Define Sustainability

Week 6_Makayla Hansen

Is sustainability dead? We live in a world filled with waste that has only recently identified the need for change. Reducing, reusing, and recycling is a concept that we are all aware of, and one that many people advocate, including myself. However, after reading through several articles and listening to a couple lectures, I was intrigued by the idea that even though most people seem to agree with the purpose behind sustainability, it has become relatively mundane. Many articles noted that sustainability is “missing the mark”, not necessarily appealing or “sexy”, or something practiced out of guilt. The way in which sustainability is defined seems to have become inapplicable. The Webster Dictionary describes sustainability as cable of being maintained, but it is clear that our excessive lifestyle is not going to remain viable. In Thomas Fisher’s Lecture, he noted that the human race is stressing the environmental system, and like any other system, this continued stress will lead to collapse. The US Environmental Production Agency presents what I think is a more workable definition of sustainability: “To pursue sustainability is to create and maintain the conditions under which humans and nature can exist in productive harmony to support present and future generations”. I am not trying to prove that sustainability is pointless, but rather argue that our efforts need a shift of focus.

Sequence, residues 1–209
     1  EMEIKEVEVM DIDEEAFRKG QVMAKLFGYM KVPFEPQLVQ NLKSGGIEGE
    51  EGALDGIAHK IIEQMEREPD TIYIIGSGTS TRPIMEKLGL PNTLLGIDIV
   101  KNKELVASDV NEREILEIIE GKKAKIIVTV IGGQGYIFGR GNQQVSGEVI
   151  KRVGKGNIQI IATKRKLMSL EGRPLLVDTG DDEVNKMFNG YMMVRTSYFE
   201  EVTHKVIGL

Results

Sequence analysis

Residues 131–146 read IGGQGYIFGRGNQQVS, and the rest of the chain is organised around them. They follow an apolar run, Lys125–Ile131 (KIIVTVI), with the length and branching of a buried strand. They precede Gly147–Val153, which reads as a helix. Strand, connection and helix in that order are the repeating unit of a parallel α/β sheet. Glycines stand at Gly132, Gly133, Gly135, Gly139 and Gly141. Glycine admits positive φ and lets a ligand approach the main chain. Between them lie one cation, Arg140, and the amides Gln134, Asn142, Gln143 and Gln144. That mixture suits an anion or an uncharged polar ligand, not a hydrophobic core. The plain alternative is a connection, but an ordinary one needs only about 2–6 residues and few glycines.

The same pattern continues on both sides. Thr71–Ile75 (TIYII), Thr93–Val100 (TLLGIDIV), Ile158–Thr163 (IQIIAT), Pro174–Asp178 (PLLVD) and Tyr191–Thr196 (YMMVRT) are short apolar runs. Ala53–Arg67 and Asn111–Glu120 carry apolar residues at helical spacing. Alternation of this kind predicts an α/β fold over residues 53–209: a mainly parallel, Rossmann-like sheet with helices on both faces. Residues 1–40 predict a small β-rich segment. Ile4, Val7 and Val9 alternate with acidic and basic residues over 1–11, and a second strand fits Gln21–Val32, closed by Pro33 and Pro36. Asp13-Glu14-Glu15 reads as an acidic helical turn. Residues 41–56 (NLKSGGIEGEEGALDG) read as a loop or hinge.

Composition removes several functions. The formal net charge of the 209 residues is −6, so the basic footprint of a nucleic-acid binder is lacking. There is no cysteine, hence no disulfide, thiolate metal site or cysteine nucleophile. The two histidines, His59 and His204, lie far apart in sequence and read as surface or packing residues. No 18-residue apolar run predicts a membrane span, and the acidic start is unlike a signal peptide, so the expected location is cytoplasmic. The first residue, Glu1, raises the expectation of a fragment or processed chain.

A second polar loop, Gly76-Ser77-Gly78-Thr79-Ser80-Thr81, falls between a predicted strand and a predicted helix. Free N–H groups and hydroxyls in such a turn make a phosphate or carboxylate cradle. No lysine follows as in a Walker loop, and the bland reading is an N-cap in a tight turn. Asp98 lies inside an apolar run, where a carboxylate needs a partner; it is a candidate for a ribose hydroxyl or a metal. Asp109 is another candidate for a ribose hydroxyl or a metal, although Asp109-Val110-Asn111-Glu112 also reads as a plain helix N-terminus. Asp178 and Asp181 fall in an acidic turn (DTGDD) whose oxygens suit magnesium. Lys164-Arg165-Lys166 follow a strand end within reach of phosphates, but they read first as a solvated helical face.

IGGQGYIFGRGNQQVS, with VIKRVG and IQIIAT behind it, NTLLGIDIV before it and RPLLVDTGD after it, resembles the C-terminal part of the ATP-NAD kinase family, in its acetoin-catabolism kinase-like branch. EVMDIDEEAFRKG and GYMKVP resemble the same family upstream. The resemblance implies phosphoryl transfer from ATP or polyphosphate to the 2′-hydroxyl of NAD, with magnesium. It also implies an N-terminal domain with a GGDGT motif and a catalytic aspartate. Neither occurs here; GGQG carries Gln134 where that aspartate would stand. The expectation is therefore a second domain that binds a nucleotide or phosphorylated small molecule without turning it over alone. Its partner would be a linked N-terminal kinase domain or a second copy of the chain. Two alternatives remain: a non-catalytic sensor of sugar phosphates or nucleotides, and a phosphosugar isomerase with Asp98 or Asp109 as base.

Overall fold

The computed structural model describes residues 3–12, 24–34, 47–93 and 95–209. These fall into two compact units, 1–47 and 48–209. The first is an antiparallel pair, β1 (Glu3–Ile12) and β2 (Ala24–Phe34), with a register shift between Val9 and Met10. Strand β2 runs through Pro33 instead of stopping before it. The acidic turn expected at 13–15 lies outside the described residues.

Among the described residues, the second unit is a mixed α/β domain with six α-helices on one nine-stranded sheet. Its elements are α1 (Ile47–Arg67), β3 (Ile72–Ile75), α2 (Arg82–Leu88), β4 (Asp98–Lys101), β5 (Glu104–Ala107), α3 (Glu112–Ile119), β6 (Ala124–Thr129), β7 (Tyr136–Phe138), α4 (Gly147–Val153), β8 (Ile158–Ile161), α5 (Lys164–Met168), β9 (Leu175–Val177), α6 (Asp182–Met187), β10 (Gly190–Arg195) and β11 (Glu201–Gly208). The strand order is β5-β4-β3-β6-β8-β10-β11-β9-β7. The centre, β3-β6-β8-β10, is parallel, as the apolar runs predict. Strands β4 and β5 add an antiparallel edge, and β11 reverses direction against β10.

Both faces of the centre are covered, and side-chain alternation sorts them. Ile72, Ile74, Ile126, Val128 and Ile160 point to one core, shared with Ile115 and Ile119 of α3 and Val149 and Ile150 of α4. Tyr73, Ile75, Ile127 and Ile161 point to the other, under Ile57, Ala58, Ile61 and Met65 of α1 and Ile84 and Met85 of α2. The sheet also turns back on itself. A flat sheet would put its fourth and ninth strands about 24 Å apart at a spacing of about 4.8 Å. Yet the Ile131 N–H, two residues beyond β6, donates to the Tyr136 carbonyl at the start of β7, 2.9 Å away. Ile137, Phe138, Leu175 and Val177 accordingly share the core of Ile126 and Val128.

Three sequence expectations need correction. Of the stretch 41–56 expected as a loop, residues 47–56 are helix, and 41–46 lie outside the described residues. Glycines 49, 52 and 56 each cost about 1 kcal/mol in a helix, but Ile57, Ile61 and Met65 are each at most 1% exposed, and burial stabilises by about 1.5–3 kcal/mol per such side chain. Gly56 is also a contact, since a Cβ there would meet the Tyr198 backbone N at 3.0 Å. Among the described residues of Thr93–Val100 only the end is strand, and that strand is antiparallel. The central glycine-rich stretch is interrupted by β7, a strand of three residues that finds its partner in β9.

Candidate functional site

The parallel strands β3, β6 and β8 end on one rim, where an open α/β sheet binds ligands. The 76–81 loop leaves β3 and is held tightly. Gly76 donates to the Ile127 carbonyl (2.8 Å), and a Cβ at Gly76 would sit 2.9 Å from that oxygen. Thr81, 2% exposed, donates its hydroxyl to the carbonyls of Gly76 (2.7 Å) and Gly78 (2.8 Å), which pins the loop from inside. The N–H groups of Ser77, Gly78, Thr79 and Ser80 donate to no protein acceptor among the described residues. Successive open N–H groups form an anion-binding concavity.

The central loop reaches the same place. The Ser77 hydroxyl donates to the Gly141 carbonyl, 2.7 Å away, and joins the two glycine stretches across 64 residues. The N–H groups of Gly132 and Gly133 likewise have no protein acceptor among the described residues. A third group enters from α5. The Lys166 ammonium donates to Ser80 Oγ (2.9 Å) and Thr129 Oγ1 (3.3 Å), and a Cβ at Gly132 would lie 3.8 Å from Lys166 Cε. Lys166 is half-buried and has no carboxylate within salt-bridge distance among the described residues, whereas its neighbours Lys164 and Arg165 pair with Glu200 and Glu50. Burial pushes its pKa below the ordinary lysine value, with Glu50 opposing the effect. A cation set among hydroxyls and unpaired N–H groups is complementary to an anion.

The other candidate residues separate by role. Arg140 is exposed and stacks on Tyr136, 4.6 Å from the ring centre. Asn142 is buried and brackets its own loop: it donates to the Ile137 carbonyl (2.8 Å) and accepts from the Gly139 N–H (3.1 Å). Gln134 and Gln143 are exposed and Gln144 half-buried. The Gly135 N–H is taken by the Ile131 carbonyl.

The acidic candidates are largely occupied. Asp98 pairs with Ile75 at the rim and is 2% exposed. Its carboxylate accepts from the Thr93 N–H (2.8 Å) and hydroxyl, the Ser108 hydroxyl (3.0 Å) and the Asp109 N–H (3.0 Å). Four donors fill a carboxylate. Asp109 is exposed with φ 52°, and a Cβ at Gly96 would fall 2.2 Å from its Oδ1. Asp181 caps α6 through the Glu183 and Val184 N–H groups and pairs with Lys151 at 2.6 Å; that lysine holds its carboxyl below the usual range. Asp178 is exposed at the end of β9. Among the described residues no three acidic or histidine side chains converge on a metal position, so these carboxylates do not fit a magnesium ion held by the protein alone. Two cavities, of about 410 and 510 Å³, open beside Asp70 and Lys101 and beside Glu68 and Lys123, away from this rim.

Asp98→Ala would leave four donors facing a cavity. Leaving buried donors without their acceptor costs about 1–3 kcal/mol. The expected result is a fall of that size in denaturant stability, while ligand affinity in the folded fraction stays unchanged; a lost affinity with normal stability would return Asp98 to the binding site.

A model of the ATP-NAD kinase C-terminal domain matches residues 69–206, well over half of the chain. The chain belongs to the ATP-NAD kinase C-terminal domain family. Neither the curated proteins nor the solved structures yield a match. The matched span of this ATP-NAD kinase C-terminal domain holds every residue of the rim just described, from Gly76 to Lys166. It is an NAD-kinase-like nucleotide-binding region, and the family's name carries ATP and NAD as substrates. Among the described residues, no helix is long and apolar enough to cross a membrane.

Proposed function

Lecture by Thomas Fisher, October 11, 2016.




One comment

  1. maggiekrantz

    Maggie Krantz / comment 2 / week 7

    I agree that the concept of sustainability has lost its steam. Most people see sustainability as mundane or boring. It is considered important but, doesn’t grab your eye or catch your attention. No one looks at a waste management system and says, “wow that is so cool”. However, this lack of interest can be overcome if designers, architects, and engineers work together to create visually stimulating and interesting designs that engage the public with the idea of sustainability. Instead of hiding these advanced systems underground or behind curtain walls, architects should make them a part of the facade.
    Bjarke Ingels Group (BIG) located in Copenhagen, Denmark is at the forefront of this design. They redesigned Copenhagen’s mundane recycling center to double as a public urban space and a ski slope in the winter. Syndhavns Recycling Center will now have picnic areas and fitness facilities on top along with the waste management system underground, visible through a window wall at street level. This creative design generates the conversation that sustainability doesn’t have to be boring or hidden. It takes an overlooked aspect of sustainability and puts it as the focus for gatherings and fun. More projects like this one should be created and executed to make sustainability an interesting topic that is integrated into the daily lives of everyone. To enact change, professionals should use design to foster this discussion and engage the public in action.


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